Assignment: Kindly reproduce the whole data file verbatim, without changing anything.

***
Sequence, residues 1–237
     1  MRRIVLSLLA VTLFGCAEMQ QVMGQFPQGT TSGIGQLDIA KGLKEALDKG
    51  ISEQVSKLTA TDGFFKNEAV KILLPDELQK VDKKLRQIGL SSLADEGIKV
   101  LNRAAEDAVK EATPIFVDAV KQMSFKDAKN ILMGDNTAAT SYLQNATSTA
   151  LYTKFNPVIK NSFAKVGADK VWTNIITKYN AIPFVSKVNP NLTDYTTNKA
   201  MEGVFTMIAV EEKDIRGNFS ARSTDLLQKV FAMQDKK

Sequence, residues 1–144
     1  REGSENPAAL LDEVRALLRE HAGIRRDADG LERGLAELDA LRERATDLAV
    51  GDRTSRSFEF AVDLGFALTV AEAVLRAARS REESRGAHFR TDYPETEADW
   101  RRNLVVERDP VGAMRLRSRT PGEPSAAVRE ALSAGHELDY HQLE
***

Sequence, residues 1–237
     1  MRRIVLSLLA VTLFGCAEMQ QVMGQFPQGT TSGIGQLDIA KGLKEALDKG
    51  ISEQVSKLTA TDGFFKNEAV KILLPDELQK VDKKLRQIGL SSLADEGIKV
   101  LNRAAEDAVK EATPIFVDAV KQMSFKDAKN ILMGDNTAAT SYLQNATSTA
   151  LYTKFNPVIK NSFAKVGADK VWTNIITKYN AIPFVSKVNP NLTDYTTNKA
   201  MEGVFTMIAV EEKDIRGNFS ARSTDLLQKV FAMQDKK

Sequence, residues 1–144
     1  REGSENPAAL LDEVRALLRE HAGIRRDADG LERGLAELDA LRERATDLAV
    51  GDRTSRSFEF AVDLGFALTV AEAVLRAARS REESRGAHFR TDYPETEADW
   101  RRNLVVERDP VGAMRLRSRT PGEPSAAVRE ALSAGHELDY HQLE